Huntington mayor says city has budget surplus, crime down, projects planned


    Huntington Mayor Steve Williams speaks Friday during his annual State of the City address. (WCHS/WVAH)

    Huntington Mayor Steve Williams said during his annual State of the City address Friday that the city is on better financial footing, has seen a drop in crime and has some key projects planned, including the demolition of dilapidated properties.

    Williams said the city has had financial success, including a $6 million budget surplus. Williams said for the first time, an annual audit had zero findings. Williams said city employees deserve a pay raise and the health care plan will not change for the next three years. The public safety pension payments went from seven months in arrears to only one month. He said the city's Finance Department has tightened its expenses and has worked to collect all taxes and fees owed.

    The Public Works Department has been designing and building its own equipment to save money. Williams said millions have been spent to repave and repair roads and sidewalks since 2013 with additional work scheduled for the fall.

    In the coming year, the city plans to tear down 100 dilapidated buildings. About $400,000 has been donated by private individuals and companies to pay for the demolition, including $8,000 from a realty company challenging other companies to do the same.

    Williams said crime has gone down including murder, robberies, burglaries and violent crime. The Huntington Police Department is budgeted for 108 officers in the coming years with plans for five new vehicles.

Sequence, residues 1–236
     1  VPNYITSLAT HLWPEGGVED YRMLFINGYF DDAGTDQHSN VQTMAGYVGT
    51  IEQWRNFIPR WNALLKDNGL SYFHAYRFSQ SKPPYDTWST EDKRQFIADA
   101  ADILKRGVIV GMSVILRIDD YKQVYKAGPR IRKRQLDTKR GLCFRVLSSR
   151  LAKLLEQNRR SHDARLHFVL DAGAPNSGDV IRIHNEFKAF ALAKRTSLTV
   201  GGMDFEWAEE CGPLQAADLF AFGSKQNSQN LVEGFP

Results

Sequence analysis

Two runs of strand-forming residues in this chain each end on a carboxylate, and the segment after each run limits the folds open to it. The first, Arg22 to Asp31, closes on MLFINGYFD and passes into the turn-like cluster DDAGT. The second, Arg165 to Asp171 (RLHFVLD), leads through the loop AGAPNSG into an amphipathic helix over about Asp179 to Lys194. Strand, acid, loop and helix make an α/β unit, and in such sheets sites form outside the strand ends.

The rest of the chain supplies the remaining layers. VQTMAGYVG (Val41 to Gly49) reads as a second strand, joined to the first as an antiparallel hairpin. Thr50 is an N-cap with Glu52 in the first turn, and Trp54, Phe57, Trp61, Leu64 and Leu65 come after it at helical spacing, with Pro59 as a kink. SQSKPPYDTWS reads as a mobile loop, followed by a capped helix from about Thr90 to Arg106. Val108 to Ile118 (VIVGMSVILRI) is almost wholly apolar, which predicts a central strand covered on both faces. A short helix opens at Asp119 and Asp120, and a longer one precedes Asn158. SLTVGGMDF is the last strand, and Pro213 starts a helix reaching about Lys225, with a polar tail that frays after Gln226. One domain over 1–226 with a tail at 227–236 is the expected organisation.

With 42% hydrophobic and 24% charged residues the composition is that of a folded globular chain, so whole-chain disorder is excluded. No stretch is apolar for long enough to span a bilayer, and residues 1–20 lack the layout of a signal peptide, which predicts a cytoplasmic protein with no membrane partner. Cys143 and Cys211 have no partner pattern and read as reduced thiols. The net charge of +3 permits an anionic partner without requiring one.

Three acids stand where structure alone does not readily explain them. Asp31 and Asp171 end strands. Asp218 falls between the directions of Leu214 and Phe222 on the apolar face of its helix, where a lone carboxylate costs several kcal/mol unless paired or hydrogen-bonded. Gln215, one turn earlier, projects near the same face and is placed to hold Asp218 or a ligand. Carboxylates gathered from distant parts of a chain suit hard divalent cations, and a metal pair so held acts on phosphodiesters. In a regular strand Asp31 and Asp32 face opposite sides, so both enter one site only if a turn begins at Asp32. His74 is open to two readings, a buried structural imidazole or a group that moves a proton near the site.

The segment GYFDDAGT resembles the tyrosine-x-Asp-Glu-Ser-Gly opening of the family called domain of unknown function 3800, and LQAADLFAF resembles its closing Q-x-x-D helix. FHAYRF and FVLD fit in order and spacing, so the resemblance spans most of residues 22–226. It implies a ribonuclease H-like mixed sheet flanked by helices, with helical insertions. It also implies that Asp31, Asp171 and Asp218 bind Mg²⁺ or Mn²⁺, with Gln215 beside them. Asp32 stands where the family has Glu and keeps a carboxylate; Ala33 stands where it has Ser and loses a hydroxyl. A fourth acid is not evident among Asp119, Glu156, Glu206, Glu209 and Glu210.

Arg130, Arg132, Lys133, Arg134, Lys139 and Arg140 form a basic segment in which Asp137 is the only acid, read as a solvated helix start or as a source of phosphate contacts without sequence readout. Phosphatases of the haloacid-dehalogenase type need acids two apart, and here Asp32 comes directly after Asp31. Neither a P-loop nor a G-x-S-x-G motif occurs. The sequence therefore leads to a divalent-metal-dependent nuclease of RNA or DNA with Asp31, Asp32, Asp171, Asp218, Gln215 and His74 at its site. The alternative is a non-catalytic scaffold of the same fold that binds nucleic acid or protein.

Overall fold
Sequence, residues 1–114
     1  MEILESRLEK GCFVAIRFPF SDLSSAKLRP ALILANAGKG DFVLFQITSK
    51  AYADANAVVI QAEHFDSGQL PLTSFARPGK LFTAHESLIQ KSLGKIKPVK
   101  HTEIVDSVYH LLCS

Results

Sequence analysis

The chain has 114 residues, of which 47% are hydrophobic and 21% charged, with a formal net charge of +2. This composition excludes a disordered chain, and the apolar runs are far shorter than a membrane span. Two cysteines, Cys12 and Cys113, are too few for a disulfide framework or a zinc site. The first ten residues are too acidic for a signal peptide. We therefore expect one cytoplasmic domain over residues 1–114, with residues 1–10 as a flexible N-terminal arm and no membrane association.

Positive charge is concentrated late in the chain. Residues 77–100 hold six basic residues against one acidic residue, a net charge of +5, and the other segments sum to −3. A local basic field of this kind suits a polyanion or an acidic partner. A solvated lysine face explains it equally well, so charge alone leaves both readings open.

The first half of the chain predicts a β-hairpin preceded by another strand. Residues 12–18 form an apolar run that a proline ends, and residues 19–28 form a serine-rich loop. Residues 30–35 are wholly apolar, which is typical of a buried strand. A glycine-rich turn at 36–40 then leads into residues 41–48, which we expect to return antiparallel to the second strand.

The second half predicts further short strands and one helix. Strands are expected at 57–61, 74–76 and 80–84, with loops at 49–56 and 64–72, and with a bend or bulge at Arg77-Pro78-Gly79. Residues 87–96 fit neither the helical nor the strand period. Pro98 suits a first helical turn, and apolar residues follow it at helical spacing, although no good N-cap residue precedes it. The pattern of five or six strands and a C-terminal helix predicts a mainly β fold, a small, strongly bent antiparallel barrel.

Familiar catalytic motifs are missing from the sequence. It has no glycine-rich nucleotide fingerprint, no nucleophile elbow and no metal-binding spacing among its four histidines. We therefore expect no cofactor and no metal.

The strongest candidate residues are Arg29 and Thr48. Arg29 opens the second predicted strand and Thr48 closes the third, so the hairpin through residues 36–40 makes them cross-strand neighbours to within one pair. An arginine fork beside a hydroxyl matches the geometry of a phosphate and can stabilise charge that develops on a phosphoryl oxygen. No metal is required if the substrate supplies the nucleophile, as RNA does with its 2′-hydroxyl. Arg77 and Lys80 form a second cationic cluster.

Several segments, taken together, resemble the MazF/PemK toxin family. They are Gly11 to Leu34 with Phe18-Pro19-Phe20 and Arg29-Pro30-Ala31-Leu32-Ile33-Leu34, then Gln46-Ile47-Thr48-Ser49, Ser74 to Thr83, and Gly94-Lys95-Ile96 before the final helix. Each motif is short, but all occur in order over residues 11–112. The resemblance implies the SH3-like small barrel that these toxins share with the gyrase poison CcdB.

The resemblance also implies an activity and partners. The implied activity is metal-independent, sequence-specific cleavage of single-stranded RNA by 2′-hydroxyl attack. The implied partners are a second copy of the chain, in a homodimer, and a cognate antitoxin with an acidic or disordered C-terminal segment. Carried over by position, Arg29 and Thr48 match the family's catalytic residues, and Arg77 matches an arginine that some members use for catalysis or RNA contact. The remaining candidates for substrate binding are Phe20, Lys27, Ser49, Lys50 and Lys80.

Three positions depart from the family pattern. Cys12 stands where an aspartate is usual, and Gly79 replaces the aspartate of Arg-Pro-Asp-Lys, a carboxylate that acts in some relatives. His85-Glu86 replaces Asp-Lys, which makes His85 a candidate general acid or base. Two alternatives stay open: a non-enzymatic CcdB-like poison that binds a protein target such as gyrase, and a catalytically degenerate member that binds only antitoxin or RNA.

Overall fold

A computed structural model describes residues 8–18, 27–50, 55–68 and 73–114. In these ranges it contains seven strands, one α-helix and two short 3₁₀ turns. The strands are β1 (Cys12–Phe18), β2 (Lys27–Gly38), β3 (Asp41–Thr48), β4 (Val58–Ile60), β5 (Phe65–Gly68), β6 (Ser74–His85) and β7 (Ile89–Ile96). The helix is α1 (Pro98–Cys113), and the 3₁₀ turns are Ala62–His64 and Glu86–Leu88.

Plans to rebuild two fire stations and an overhaul of a third is in the works. Williams said the city has allotted the largest budget for the fire department in its history. The city plans to replace vehicles each year and they plan to buy new firefighter gear. The department is fully staffed with 95 firefighters.

    Williams said the goal is to purchase the old pigment plant property in the Highlawn area to allow Marshall University to build a new baseball stadium.

    The City Planning and Zoning is applying for a safety grant to install between 165 and 204 lights along Hal Greer Boulevard. The cost for the project would range from $550,000 to $687,000.

    Williams said the city is poised to be the first to deploy 5G internet, depending on the passage of state legislation.

    “What is the state of our city? It’s strong. A city of solutions,” Williams said as he wrapped up his speech.

    Below is the text of the mayor's speech:

    Below is the city's proposed budget:


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